Six high school students from the Stockholm area spent two weeks at ACES as part of Summer Research Academy (‘sommarforskarskola’) organised by the Faculty of Natural Sciences, Stockholm University. The students attended seminars, went on a field excursion and ran experiments in the lab.
Research Academy at Stockholm University takes place in June every year. It has been running for 30 years straight and involves four academic divisions, namely Biology, Physics, Earth and Environmental Sciences, and Chemistry. It has been proved a very popular concept with young people interested in natural sciences with 750 applications this year alone. “Highschool students are an important group for us as they could potentially come back to study here,” says Angeta Norén, researcher and project leader of Research Academy. She continues: ” Our goal is to show students how exciting research in natural sciences can be whilst presenting our scientists.”
During their two weeks at ACES, the six students carried out a project in ecotoxicology supervised by PhD student Maria Bighiu. he aim of the project was to measure mixture toxicity of metals on aquatic snails (Theodoxus fluviatilis) and to compare snails from different sites in their ability to adapt to pollution. The students collected snails at the nearby Brunnsviken lake which they then exposed to copper and zinc in the lab.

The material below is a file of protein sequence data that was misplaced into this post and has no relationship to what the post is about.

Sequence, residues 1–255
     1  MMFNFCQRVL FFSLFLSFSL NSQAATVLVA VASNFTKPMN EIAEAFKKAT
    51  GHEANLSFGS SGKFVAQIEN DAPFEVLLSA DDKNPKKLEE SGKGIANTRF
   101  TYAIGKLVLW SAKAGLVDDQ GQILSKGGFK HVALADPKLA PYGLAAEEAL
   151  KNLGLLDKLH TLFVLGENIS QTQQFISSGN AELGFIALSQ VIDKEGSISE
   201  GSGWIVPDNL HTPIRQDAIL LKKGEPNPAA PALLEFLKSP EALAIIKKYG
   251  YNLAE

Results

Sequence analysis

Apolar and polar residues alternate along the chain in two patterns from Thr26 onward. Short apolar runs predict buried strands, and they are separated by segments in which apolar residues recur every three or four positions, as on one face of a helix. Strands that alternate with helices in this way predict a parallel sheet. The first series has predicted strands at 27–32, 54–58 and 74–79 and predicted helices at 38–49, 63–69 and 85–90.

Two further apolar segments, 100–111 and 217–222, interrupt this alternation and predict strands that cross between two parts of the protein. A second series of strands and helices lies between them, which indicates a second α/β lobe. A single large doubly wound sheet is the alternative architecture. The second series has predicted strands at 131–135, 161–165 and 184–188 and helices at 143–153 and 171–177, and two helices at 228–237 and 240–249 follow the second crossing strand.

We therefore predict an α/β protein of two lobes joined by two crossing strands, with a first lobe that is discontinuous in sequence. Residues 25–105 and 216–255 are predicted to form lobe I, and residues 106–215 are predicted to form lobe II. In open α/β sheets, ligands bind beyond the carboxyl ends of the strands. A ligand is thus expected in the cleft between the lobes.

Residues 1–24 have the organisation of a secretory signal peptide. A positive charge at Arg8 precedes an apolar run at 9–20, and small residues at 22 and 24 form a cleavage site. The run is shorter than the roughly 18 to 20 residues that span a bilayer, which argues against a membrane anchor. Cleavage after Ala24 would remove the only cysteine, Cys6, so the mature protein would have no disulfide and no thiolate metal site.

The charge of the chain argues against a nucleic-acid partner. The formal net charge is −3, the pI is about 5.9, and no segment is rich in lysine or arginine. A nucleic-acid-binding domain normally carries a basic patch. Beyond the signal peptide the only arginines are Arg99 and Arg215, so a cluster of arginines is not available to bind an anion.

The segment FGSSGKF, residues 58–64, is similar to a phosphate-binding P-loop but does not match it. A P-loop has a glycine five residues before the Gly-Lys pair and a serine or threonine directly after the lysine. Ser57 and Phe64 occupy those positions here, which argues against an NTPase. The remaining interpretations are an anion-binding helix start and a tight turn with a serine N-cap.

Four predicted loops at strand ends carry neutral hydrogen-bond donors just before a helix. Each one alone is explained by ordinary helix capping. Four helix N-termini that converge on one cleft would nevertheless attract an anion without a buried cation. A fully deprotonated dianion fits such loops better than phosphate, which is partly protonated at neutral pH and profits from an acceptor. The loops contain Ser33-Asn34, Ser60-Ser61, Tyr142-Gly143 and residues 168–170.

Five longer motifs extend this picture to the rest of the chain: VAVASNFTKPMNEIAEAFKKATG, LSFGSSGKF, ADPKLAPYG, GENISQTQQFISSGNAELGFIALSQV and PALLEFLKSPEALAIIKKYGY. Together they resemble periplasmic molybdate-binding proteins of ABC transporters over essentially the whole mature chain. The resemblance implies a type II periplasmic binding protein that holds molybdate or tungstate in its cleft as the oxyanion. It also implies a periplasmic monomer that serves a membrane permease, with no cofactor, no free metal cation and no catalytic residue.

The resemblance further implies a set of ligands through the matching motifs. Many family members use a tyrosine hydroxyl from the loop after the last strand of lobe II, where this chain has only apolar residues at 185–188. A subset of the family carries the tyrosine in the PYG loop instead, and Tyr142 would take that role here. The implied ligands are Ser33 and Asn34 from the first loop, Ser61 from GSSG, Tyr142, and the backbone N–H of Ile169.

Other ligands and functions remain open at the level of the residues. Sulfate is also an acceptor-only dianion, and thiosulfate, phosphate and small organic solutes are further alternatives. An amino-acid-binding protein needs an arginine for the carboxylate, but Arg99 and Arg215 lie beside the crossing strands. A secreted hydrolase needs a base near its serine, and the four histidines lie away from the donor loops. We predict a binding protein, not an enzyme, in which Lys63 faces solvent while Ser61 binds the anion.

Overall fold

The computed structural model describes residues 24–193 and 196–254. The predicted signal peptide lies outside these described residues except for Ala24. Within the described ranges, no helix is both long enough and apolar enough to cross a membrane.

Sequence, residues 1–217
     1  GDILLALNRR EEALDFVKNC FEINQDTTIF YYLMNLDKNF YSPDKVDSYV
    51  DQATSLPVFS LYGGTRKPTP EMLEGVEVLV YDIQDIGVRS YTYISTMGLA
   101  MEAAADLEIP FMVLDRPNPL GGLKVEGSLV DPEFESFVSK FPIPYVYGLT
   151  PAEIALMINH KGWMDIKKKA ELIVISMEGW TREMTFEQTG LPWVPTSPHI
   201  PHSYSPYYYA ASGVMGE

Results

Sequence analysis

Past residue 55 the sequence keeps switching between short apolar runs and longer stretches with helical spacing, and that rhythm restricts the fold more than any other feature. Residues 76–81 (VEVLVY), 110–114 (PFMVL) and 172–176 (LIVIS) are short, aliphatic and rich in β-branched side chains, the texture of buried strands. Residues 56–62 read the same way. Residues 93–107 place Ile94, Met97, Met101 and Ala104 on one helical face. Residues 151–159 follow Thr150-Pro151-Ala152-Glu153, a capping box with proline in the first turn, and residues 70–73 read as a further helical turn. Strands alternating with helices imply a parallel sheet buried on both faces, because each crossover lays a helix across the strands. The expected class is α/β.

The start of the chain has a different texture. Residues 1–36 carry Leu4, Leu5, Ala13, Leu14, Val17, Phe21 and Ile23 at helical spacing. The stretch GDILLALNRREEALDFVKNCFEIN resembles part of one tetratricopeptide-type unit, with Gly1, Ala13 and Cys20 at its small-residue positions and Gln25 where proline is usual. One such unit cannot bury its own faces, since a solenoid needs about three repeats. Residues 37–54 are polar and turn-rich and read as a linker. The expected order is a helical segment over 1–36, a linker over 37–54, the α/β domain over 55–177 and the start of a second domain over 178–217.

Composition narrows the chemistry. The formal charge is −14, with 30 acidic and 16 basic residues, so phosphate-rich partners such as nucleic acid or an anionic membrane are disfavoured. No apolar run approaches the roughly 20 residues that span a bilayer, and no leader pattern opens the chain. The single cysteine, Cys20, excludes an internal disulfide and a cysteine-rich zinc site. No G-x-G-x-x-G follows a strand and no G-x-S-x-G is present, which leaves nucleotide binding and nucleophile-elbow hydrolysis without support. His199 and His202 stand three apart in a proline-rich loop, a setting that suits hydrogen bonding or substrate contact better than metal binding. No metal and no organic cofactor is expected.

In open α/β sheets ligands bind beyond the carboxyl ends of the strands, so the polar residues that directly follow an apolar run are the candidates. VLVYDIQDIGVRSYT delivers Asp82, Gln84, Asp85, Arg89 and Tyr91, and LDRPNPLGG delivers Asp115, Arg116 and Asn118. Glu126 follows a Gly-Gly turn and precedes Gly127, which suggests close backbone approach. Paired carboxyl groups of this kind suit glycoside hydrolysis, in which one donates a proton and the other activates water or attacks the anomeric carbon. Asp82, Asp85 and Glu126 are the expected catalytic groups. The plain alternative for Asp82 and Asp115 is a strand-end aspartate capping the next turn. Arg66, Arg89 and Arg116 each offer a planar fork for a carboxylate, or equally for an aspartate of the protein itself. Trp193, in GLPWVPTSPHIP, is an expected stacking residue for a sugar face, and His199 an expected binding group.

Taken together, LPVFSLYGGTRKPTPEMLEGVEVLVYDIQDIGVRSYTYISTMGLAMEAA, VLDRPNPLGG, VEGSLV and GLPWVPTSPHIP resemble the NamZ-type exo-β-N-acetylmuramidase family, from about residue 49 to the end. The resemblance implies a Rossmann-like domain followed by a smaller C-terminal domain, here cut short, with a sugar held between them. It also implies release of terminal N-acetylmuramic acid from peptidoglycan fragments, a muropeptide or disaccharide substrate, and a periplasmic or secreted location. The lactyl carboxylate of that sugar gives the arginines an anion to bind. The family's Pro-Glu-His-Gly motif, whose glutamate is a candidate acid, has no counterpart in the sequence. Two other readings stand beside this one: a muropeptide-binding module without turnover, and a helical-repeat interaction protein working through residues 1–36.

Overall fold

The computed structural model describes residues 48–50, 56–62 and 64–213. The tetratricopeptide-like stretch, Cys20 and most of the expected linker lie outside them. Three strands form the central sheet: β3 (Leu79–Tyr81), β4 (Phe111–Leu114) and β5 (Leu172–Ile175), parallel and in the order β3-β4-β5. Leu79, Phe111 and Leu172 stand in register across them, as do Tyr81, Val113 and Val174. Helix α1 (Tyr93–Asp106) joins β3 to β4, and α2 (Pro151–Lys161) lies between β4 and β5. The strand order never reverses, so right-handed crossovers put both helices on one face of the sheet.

So, how did the students do? “The results look good! It was both exciting and challenging to work with young students who have different backgrounds and little lab experience. I think they were all hard-working and did a great job!”says Maria Bighiu who finds’forskarskola’ an excellent opportunity for highschool students to get their hands on ‘real-life’ academic research.
What did the students think of their two weeks at ACES?
Tara Ali, 20, an aspiring medical doctor says that one should always strive to better onself. “I really enjoyed the seminars and lab work. We learnt a little of bit of biology, chemistry and environmental science. It was also great to meet other fellow students.” Meanwhile, getting a taste of the research world was what convinced 18-year-old Martin Troberg to apply. “For me, the best thing was working in the lab. It was really cool!”